The translator is impressed With Bieito’s work. ’He has an incredible paSSion for what he does,’ says Clifford, 'and an intUitive grasp of the piece' Prepare to be awoken.

(Steve Cramer) See Hit list, right for details

6pm—8pm LIST

H it list

Begin the evening with a smile on your face.

Labels New monologue about a catfood obsession by Louis de Bernieres, performed by Pip Utton. See reView in this section. Labels (Fringe) Company Theatre, Southside Courtyard (Venue 76) 667 7207, until 37 Aug (not Wed) 7, 05pm, [5 (£4). The Robbers See preview, left. The Robbers (International Festival) Citizens' Theatre Company, King’s Theatre, 4 73 2000, 777-27 Aug, 7.30pm, 27 Aug, 2.30pm, {5—[22 Life Is A Dream See prewew, left

Life Is A Dream (International Festival) Royal Lyceum Company, Royal Lyceum Theatre, 4 73 2000, l7—-29 Aug (not 23) 7 30 pm, (Thu 6? Sat mats, 2.30 pm) [6—-£22.

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A Midsummer Night's Dream The Seattle-based Pacific Northwest Ballet hits town With Mendelssohn’s classic Shakespeare adaptation, choreographed by the legendary George Balanchine. See Red Hot & Belgian, page 10 A Midsummer Night's Dream (International Festival) Pacific Northwest Ballet, Edinburgh Playhouse, 473 2000, 20—22 Aug,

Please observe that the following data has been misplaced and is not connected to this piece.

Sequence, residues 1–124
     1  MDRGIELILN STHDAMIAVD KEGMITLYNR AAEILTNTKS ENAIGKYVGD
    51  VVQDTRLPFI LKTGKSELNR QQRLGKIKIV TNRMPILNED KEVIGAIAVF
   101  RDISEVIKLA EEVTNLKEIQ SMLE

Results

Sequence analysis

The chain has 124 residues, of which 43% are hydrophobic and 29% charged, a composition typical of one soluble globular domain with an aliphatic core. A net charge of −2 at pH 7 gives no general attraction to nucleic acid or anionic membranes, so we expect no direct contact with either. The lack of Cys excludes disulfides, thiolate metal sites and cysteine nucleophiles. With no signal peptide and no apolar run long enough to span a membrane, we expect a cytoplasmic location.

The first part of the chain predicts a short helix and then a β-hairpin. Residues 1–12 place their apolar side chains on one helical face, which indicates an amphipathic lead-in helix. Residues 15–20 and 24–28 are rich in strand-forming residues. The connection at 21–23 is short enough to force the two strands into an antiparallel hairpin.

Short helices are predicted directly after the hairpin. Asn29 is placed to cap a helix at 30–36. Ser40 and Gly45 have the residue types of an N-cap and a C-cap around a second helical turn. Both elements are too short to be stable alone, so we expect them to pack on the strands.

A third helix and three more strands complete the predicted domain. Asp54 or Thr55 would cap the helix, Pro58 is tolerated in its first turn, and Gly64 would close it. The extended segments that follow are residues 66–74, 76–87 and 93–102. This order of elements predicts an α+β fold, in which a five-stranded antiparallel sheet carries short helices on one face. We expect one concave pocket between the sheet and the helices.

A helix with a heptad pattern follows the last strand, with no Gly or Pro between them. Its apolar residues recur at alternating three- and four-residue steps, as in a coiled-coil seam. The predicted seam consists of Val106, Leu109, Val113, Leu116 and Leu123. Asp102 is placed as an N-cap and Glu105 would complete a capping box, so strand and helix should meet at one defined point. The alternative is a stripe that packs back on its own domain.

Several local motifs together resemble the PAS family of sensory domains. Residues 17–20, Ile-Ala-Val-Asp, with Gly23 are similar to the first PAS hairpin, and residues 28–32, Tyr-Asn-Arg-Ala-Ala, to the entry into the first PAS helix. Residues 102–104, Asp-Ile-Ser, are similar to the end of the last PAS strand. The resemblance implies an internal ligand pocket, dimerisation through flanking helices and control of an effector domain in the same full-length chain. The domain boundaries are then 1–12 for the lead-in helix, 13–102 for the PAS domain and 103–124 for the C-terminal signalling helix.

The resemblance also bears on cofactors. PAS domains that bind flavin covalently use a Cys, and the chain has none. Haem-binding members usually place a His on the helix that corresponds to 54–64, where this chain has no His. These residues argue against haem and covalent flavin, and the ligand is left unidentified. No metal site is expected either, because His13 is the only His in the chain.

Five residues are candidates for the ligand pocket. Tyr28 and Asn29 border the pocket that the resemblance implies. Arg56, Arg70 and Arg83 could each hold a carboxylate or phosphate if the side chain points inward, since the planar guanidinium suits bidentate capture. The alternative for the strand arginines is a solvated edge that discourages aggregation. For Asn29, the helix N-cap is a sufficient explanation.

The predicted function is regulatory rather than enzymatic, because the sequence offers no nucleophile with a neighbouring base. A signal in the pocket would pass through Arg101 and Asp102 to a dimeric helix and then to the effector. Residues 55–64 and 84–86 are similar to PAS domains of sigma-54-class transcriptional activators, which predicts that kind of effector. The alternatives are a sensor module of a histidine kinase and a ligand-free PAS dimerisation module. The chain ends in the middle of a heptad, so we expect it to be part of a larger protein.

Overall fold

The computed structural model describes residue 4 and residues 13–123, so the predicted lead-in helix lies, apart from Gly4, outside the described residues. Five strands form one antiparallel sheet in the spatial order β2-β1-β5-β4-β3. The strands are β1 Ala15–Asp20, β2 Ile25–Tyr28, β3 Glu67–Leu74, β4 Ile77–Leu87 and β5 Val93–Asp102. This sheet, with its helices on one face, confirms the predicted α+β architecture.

7 30pm, 22 Aug, 2.30pm, [5-[35 John Shuttleworth Sheffield's master of the electronic organ delivers a feast of delights and a hitherto unseen character in this brand new celebration of claSSic English cuisme. See reView in this section If MUS/C Be The Love Of Food. Tuck In! (Fringe) John Shuttlewonh, P/easance (Venue 33) until 20 Aug, 7.30pm, £8.50 (£7.50).

ZumzumoKa Inventive contemporary dance from Barcelona-based Companyia De Dansa Gelabert- Azzopardi. A maverick collaboration between choreographer Cesc Gelabert and deSigner Frederic Amat. See Frontlines, page 8 Zumzum-Ka (International Festival) Companyia De Dansa Gelabert-Azzopardi, Edinburgh Playhouse, 473 2000, 7? & 78 Aug, 7.30pm, [5—02.